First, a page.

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Help is available for finding the best health insurance plan

Robin Wulffson MD's picture
Affordable Care Act, healthcare costs, pre-existing conditions, GoHealth

Ever since the Affordable Care Act was signed into law, health insurance has been a hot button topic. Despite all the rhetoric, many Americans lack knowledge about health insurance and are in need of help in making the right decisions. I spoke today with Michael Mahoney, Vice President of Consumer Marketing for GoHealth, a company which optimizes the process for an individual to obtain a good deal on the most appropriate plan to meet their needs.

Mahoney notes that even if you are young, healthy, and broke, beginning in 2014, you will be required to buy thousands of dollars worth of medical insurance or pay a penalty. Many 20-somethings are wondering how they can afford it on top of their student loans and a horrible job market. He notes that Americans in this age group are the least likely to be insured: almost three of 10 adults who are under 35 are not covered. Furthermore, they visit emergency rooms more than any other group except seniors.

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Young, single adults are willing to sign up for purchasing plans to buy a TV or cell phone; however, they are unwilling to obtain a health insurance plan, which adds to their financial burden but does not supply the immediate gratification that a new techno-toy provides. Young, married Americans, particularly those with a child or two are much more likely to purchase insurance.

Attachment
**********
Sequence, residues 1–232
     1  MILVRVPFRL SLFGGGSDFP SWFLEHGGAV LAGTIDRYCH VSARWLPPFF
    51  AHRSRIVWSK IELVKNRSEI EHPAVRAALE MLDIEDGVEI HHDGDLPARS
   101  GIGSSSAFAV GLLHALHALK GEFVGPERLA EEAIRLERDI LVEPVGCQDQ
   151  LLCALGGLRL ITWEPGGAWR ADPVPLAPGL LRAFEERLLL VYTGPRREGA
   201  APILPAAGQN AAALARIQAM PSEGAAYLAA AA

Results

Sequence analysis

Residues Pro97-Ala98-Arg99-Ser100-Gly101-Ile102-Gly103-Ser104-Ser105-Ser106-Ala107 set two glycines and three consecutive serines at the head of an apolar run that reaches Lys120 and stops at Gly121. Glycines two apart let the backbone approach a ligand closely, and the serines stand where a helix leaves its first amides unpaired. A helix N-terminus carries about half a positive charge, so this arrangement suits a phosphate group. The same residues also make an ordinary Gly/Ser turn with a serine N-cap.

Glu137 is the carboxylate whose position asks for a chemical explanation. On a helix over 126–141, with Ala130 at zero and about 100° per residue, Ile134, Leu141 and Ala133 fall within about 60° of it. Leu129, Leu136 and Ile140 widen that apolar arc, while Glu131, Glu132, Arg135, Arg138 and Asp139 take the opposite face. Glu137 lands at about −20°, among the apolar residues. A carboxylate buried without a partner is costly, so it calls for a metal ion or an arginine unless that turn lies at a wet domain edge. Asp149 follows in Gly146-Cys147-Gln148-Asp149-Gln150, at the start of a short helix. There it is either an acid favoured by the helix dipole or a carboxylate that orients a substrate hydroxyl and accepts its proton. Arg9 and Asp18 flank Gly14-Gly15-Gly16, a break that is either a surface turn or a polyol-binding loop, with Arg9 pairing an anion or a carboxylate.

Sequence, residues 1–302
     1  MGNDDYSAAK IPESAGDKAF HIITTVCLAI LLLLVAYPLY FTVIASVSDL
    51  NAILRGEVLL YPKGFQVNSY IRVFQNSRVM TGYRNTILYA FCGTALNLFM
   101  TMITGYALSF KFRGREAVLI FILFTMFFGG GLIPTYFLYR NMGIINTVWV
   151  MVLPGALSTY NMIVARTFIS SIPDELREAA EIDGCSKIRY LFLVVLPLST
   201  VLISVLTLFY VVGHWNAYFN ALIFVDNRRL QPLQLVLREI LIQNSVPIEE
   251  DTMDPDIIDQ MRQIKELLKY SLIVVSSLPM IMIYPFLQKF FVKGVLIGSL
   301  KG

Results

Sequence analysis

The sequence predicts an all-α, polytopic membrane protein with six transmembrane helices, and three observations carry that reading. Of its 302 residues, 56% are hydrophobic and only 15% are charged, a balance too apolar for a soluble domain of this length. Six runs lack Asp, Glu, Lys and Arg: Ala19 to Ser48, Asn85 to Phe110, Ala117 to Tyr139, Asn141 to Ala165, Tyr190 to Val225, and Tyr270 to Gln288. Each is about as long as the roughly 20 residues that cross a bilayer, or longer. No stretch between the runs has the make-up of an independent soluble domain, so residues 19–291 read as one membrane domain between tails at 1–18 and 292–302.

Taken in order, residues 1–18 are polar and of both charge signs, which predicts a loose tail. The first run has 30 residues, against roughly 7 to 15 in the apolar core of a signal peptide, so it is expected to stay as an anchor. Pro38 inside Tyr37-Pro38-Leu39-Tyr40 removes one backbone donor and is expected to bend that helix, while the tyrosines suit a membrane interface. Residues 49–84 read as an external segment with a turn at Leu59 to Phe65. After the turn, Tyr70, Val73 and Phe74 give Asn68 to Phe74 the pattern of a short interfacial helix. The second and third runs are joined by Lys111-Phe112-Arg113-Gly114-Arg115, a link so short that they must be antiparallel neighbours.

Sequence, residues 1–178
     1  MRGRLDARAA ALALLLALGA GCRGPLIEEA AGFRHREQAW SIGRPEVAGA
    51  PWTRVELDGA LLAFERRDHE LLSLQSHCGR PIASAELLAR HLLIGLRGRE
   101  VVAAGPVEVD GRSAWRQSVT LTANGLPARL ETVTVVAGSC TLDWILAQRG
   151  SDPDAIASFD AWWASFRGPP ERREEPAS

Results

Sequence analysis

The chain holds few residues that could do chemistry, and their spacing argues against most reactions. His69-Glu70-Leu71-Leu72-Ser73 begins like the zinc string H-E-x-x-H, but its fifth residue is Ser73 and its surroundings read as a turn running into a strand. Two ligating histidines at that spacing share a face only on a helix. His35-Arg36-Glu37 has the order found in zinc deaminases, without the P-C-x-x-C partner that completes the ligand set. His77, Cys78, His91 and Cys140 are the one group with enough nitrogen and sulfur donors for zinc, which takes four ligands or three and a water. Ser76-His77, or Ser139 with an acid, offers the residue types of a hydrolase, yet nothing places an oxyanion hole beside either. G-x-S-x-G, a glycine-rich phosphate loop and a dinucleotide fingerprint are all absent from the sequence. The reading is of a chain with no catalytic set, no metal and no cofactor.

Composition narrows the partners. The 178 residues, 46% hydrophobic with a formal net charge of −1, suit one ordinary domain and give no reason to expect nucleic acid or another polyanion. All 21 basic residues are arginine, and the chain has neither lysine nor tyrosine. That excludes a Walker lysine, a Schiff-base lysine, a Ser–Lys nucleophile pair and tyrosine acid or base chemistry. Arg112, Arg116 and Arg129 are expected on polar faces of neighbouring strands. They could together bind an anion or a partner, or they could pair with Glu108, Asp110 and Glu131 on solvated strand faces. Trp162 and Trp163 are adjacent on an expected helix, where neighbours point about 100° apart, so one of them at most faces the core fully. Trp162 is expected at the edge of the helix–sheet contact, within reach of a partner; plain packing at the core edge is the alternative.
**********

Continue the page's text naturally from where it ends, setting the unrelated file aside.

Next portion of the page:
Mahoney notes that the new healthcare law is designed to provide incentives to ease the financial burden and provides many potential benefits including cheap Medicaid, private insurance, fewer out-of-pocket expenses, and free preventive healthcare such as HIV testing, screening for depression or alcoholism, flu shots, hepatitis vaccine, contraception and pregnancy care. The new law also provides insurance to anyone with a pre-existing condition. Many of these individuals cannot obtain health insurance at any cost unless they are employed by a large company that provides coverage to individuals with pre-existing conditions. Some health conditions accrue annual costs well in excess of $100,000. Another group of young adults that will benefit from the new law are those between the ages of 19 and 26; they can remain on their parents plan for those years.

It is well known that the new law is subject to heated debate. The major objection by opponents of the Affordable Care Act is added costs. Mahoney admits that if the law prevails, the overall cost of healthcare will increase with the costs being passed on to consumers in the form of taxation. Whether the law stands, is significantly modified, or repealed depends largely on this fall’s presidential election. However, Mahoney notes that his company can provide solid health insurance advice regardless of the survival of the Affordable Care Act. It will access healthcare needs on an individual basis. For example, it can help individuals with situations such as changing employment and losing coverage or whether a lower cost policy with a higher deductible is the better choice. He notes that the advice is totally without cost. It generates income only when an individual signs up with an insurer that best fits their needs.

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